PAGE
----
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Jewish Journal

Acts of Faith

by Amy Klein

February 2, 2006 | 7:00 pm

Rabbinical School Moves to UCLA Hillel

The Academy for Jewish Religion, California (AJR CA) has moved to its new home at the Yitzhak Rabin Hillel Center For Jewish Life at UCLA. Just five years since its establishment, the non-denominational graduate school for rabbinic, cantorial and chaplaincy studies outgrew its first location at Temple Beth Torah in West Los Angeles. Although Hillel is a center for Jewish students on UCLA campus and the Academy is a graduate program, both institutions are devoted to pluralism and diversity in Jewish life.

The Academy also attracted a number of respected congregational clergy from synagogues throughout the L.A. area. These include Temple Adat Shalom, Temple Beth Am, Beth Jacob Congregation, B'nai Horin-Children of Freedom, Congregation Mogen David, Kahal Joseph, Kehillat Israel, N'vay Shalom, Ohr HaTorah Congregation, Sephardic Temple Tifereth Israel, Shomrei Torah Synagogue, Sinai Temple, Stephen S. Wise Temple and Wilshire Boulevard Temple.

With a current student body of 65 students, AJR leaders hope the move will increase applicants, faculty and supporters for AJR CA.

"It's a huge move for this young school," said Stan Levy, founding chair of AJR CA's board of governors.

"It gives us tremendous credibility and visibility in the community that these two institutions with philosophies of making Judaism inclusive to all branches and denominations of Judaism have come together," he said.

A Tendler Resignation

After 22 years as head rabbi of Shaarey Zedek Congregation in Valley Village, Rabbi Aron Tendler resigned last weekend.

"It is with mixed emotions that I write you today to let you know of my decision that, after 22 wonderful years, I have decided to step down as rabbi of Shaarey Zedek," Tendler wrote in a letter to the 400 member families of the Orthodox synagogue.

"This has been a decision I have contemplated for some time, and after great soul searching and deliberation and with the full support of Esther and the family, I decided that it was time to explore other opportunities and embark on a new aspect of my personal and professional life."

Tendler wrote that he intends to stay in the community but wants to spend more time with his family and pursuing writing, teaching and other projects.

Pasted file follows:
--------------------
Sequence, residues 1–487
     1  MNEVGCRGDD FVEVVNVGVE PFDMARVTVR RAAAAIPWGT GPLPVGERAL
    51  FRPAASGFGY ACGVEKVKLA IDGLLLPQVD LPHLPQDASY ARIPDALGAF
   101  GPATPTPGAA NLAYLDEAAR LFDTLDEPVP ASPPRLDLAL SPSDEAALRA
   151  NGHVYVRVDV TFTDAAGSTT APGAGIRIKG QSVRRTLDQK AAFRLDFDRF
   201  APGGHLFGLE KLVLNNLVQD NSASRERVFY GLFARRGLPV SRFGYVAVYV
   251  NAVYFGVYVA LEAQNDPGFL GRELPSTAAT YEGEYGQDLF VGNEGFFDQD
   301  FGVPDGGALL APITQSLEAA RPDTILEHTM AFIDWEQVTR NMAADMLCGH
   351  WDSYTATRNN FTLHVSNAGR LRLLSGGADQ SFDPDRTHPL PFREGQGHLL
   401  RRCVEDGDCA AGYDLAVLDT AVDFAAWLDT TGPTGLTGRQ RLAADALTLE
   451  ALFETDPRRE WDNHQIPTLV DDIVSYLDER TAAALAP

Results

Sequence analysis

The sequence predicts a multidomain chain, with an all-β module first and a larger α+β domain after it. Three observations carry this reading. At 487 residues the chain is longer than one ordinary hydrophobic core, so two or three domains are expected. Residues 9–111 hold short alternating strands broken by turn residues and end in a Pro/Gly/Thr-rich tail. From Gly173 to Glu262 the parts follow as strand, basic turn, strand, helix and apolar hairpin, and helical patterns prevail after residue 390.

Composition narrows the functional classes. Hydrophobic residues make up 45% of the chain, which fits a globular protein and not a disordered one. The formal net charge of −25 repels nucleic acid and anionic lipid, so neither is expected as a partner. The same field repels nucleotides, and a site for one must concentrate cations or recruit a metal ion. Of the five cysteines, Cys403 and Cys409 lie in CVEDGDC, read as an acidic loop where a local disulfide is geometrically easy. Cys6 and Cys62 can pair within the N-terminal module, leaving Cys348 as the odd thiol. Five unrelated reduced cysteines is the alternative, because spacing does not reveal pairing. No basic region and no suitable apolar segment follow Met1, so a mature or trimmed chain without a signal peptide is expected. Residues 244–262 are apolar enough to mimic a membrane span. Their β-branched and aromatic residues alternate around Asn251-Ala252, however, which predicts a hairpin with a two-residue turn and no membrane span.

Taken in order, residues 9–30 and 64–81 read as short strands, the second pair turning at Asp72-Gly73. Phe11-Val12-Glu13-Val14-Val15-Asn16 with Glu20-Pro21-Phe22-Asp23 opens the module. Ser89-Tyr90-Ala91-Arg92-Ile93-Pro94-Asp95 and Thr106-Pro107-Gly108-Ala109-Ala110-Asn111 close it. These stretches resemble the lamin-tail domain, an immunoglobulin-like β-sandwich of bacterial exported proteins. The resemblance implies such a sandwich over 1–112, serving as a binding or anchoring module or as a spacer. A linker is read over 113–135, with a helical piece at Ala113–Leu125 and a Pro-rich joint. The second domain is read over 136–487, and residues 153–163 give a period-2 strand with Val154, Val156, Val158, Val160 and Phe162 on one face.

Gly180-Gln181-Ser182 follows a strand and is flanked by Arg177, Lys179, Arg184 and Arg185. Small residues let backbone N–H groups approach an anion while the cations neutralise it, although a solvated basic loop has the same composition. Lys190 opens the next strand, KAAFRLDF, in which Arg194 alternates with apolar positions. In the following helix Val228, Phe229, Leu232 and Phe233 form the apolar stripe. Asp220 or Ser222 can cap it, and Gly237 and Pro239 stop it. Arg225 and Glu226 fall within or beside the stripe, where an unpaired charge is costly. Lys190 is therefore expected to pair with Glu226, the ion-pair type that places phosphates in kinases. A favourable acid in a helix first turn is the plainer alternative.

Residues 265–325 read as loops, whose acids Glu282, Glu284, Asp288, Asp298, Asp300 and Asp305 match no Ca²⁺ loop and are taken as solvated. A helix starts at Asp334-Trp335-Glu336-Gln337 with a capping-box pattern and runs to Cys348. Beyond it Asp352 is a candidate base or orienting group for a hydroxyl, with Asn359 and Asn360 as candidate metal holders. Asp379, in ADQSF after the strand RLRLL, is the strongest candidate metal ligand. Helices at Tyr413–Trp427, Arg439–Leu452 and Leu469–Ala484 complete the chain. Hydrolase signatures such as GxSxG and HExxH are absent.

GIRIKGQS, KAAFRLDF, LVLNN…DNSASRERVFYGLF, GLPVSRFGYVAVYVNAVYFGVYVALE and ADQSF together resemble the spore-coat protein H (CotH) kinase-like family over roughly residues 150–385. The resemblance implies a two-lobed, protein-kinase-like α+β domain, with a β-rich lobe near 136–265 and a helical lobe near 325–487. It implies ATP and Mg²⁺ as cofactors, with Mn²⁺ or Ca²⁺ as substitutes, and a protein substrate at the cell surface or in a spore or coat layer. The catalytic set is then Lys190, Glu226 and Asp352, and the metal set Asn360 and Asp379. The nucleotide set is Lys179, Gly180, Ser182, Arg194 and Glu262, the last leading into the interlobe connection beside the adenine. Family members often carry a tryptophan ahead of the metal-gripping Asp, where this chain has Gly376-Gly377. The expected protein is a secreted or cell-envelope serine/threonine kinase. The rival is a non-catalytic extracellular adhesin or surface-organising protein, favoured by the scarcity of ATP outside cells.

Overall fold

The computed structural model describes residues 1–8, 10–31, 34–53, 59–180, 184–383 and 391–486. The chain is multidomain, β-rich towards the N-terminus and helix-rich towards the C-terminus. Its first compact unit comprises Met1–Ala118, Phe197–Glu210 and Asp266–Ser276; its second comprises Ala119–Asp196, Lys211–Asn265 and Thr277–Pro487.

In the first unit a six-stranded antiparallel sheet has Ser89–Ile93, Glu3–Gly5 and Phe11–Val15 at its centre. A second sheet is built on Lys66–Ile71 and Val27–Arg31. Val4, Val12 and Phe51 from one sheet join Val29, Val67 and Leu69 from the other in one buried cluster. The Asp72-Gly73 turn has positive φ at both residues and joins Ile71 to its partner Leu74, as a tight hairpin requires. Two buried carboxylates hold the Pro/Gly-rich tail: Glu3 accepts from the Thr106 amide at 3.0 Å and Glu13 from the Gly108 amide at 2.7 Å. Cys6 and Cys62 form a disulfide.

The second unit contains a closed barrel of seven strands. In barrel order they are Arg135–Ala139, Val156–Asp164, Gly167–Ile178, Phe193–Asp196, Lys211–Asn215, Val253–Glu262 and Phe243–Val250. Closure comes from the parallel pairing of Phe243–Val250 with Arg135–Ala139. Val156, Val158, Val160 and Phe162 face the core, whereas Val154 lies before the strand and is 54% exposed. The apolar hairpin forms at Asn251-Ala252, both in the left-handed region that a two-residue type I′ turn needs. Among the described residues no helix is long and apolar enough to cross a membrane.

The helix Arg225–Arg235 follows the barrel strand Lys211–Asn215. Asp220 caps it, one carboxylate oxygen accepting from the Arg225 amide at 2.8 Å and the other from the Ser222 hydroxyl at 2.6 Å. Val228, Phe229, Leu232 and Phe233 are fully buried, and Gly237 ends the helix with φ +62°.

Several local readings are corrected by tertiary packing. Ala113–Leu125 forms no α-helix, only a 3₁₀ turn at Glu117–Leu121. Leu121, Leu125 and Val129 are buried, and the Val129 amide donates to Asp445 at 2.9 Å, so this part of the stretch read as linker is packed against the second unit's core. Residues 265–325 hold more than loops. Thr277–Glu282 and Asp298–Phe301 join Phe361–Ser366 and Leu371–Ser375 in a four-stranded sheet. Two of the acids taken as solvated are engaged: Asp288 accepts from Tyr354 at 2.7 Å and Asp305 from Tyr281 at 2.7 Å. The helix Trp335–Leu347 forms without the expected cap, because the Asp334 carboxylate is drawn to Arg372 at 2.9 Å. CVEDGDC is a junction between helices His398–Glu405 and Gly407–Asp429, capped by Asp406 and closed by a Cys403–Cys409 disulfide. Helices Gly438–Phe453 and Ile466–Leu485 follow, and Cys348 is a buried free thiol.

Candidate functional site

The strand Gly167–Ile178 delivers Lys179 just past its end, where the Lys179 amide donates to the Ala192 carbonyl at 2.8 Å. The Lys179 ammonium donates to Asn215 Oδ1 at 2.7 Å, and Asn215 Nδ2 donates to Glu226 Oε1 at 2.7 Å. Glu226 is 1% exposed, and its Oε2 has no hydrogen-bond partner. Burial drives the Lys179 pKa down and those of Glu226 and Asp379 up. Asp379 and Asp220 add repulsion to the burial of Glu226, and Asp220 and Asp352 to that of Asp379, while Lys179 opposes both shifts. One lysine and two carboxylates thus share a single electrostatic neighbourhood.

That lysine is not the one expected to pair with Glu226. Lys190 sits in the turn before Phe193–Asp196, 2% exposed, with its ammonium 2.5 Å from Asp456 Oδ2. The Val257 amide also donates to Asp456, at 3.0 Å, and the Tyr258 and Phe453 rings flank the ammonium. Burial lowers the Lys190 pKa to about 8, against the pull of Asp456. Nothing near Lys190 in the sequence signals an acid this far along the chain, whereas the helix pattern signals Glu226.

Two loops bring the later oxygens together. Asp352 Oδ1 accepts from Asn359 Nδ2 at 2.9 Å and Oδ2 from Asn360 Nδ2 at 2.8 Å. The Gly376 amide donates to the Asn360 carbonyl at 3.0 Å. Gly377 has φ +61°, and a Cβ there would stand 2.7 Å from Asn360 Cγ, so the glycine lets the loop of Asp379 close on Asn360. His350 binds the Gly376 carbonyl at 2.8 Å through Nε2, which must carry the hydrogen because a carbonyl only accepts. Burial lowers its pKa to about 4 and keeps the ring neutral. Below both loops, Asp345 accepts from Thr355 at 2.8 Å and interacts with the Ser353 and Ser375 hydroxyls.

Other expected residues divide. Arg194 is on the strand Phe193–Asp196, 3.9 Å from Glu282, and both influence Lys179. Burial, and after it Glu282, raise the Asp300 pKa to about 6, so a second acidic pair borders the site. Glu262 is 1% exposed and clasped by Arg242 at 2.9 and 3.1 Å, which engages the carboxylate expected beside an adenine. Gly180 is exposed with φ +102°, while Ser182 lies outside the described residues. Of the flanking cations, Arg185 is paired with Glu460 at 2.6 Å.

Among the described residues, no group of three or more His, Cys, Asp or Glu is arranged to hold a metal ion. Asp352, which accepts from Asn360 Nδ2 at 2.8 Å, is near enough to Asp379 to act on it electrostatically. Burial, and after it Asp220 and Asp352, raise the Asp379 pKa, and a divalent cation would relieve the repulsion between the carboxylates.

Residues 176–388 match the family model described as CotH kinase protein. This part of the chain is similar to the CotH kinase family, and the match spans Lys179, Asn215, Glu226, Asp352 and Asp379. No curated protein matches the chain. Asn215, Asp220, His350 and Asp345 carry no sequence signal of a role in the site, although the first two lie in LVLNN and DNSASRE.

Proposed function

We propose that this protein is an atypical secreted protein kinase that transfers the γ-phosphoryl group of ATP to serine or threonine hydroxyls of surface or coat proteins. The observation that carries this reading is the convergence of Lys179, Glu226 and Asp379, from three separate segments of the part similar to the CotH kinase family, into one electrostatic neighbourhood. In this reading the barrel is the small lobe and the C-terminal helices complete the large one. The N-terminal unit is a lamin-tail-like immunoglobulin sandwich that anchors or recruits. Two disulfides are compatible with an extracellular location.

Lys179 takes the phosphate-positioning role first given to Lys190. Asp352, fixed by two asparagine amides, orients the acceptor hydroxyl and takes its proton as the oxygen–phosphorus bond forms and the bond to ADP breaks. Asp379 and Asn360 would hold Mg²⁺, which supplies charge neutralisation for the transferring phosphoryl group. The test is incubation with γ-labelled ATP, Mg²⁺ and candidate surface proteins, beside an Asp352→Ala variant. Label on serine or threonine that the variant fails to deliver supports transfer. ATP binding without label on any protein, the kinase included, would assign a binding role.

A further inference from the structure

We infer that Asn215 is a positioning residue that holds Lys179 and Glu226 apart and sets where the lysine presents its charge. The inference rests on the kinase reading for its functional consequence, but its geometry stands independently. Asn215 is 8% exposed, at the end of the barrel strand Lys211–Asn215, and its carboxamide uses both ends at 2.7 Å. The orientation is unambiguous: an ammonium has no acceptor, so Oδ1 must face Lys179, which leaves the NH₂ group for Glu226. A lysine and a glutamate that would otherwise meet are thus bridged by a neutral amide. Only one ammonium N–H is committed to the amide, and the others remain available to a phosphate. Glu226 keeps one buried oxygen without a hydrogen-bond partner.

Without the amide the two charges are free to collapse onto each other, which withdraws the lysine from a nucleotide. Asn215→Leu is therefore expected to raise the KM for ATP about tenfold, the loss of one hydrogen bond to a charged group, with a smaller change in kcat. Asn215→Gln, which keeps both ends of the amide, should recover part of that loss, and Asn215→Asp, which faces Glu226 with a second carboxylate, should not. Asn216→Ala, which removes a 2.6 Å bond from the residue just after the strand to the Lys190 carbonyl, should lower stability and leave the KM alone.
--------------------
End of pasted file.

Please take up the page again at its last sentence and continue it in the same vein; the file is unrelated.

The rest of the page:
"On occasion, I would like to sleep for more than four hours. Selfishly put, I want more time, and if not now, when?" he wrote.

Tendler will stay on through the High Holidays and help the search committee in its quest to find a new rabbi.

"Rabbi Tendler turned innumerable lives around, and it will be a great loss for us," Brad Turell, Shaarey Zedek's communications director, told The Journal. "He's very talented and we wish him the best."

A Singing Sabbath

Temple Beth El of San Pedro will hold its first musician-in-residence weekend Feb. 10-12, featuring jazz artist Mark Bloom. Bloom, a pianist, stage and musical director, producer, composer and performing artist, combines jazz music and Jewish services and prayer. In addition to producing hundreds of scores for stage and screen, he has also composed, arranged and accompanied such Jewish performers as Rabbi Joe Black, Doug Cotler, Ron Eliran, Danny Maseng, Peri Smilow and Bat-ella.

During the Temple Beth El weekend of Shabbat Shira (the Sabbath of Song), Bloom will lead his Jazz Shabbat Service, which has been performed in more than 50 congregations nationwide. He will also teach a workshop on "Nefesh" Shabbat (The soul of Shabbat) and perform a jazz concert on Saturday night. He'll present aspecial children's concerts on Sunday morning, during Torah school.

This musician-in-residence weekend will culminate a year of celebration honoring Cantor Ilan Davidson's 10th anniversary with Temple Beth El.

Cantor Davidson said that both jazz and prayer are fixed forms, "each take on their similarities, thereby making it an individual expression for each participant."

"Prayer," Rabbi Charles Briskin said, "is a combination of keva, the written word, and kavanah, the spiritual dimension of each individual. Mark's Jazz Shaabbat Service combines aspects of the service with the music that melds with prayer."

For more information about concert tickets (services are free), contact (310) 833-2467.

 

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